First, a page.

Graduate students in the Elliott School of International Affairs who oppose the University’s $100 Commencement fee presented their case to President Stephen Joel Trachtenberg in a Feb. 17 letter.
“This letter is to express our displeasure with the $100 graduation fee that the Board to Trustees reinstituted this year,” according to the letter from International Development Studies graduate students.
Signed by about 22 students, the letter pointed out that ESIA already charges a $625 graduate student fee each semester, in addition to the $310 University fee.
The Board of Trustees imposed the University-wide fee early this semester to cover the high cost of graduating on the Ellipse, and students now must pay for the unintended expense, ESIA Dean Harry Harding said.
But ESIA graduate student Nicole Judice, who will graduate this May, said the focus of the opposition is not the money.
“The most important reason for opposing (the fee) is because it’s unfair to ask people who are not planning on walking in the ceremony to pay,” she said.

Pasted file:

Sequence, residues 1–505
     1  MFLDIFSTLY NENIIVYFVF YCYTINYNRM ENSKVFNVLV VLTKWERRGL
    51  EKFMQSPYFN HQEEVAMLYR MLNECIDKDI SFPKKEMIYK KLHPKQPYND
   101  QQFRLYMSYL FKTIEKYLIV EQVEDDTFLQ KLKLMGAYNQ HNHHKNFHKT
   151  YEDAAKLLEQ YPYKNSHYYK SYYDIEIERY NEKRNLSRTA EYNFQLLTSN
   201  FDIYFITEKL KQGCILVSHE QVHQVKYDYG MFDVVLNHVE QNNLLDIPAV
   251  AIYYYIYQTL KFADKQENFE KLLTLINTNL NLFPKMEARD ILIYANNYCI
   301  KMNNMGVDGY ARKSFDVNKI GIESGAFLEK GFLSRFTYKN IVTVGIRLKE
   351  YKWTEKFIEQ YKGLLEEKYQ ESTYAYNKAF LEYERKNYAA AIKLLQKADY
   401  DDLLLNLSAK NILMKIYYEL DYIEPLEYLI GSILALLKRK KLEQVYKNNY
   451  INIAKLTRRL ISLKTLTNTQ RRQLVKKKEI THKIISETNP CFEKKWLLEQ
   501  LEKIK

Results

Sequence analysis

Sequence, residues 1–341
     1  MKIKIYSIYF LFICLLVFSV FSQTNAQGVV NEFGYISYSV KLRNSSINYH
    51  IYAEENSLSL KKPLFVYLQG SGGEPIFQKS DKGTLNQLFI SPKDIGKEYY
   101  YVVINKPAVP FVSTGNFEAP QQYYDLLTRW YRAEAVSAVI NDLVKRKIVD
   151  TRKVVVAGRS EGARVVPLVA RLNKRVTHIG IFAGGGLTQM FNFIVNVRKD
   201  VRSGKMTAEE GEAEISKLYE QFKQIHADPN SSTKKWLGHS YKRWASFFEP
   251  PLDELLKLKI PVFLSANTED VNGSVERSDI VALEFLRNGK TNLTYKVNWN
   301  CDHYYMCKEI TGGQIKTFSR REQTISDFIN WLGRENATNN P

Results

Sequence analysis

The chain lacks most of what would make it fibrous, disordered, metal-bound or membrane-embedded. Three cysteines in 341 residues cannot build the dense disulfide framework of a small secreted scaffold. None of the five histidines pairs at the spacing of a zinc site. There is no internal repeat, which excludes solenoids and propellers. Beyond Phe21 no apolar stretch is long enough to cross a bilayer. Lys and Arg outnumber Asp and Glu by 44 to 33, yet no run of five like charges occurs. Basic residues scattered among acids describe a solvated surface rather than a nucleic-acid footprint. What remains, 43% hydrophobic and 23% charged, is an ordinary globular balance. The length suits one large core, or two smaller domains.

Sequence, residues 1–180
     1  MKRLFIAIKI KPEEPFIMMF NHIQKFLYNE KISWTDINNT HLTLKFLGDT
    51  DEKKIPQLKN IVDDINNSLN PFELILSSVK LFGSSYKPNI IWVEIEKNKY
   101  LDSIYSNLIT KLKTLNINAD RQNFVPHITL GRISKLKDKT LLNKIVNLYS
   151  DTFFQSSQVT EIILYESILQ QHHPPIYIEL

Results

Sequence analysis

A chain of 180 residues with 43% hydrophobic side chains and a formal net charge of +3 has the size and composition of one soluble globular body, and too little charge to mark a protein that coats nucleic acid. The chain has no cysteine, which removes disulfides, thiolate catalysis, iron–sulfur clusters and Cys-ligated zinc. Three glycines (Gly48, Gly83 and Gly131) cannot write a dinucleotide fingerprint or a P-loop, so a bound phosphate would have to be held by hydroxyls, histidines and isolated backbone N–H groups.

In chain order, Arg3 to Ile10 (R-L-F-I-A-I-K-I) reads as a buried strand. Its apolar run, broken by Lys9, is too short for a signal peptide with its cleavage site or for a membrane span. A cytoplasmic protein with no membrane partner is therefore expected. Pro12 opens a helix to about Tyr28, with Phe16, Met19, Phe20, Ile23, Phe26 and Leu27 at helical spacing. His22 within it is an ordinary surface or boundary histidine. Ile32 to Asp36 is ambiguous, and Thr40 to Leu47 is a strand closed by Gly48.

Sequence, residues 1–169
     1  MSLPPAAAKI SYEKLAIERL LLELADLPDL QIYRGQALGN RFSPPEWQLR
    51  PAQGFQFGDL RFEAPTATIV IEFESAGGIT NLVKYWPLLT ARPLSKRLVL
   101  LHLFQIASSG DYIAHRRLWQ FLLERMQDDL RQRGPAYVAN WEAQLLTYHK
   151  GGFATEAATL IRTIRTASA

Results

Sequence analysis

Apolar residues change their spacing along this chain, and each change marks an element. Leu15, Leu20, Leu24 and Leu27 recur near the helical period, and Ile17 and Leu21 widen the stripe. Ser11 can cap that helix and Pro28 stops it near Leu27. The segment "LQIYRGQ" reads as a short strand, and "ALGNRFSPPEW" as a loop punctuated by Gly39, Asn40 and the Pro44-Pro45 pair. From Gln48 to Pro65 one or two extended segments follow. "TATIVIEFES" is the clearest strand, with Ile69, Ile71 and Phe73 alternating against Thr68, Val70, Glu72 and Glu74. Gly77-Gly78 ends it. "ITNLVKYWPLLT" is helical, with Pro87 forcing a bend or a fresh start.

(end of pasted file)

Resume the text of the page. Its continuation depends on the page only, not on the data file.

In the letter, students also highlighted a previous concern – the date of the ESIA ceremony.
“Because the graduation ceremony at which we will receive our diplomas at is on Friday, May 14, it is very unlikely that many of us will actually attend the ceremony on the Ellipse on Sunday,” said the graduates in the letter.
Although the students said they will pay the fee, it puts a hitch in their semester budgets because the University only informed them of it recently.
“The fee seemed to come out of nowhere,” said Tony Stitt, another ESIA graduate student who signed the letter.
“I can see why students would be unhappy with a $100 fee . it was sort of announced at the last minute,” Harding said.
“A lot of us feel that GW is geared toward profit rather than education,” Judice said.
Stitt said that as a soon-to-be alumnus, he may be reluctant to help the University financially after graduation.
“Leaving us with a negative impression right before we graduate is not the best way to go about soliciting donations in the future,” he said. “I will never give to the school now.”
Stitt said he received a letter from President Trachtenberg Saturday, which explained the reasons for implementing the fee and thanked students for their concern.
“It’s far too often that student concerns get ignored. It’s nice that they’re listening to us,” Stitt said.
But Stitt said he still does not agree with University administrators.
-Stacey Felsen contributed to this report.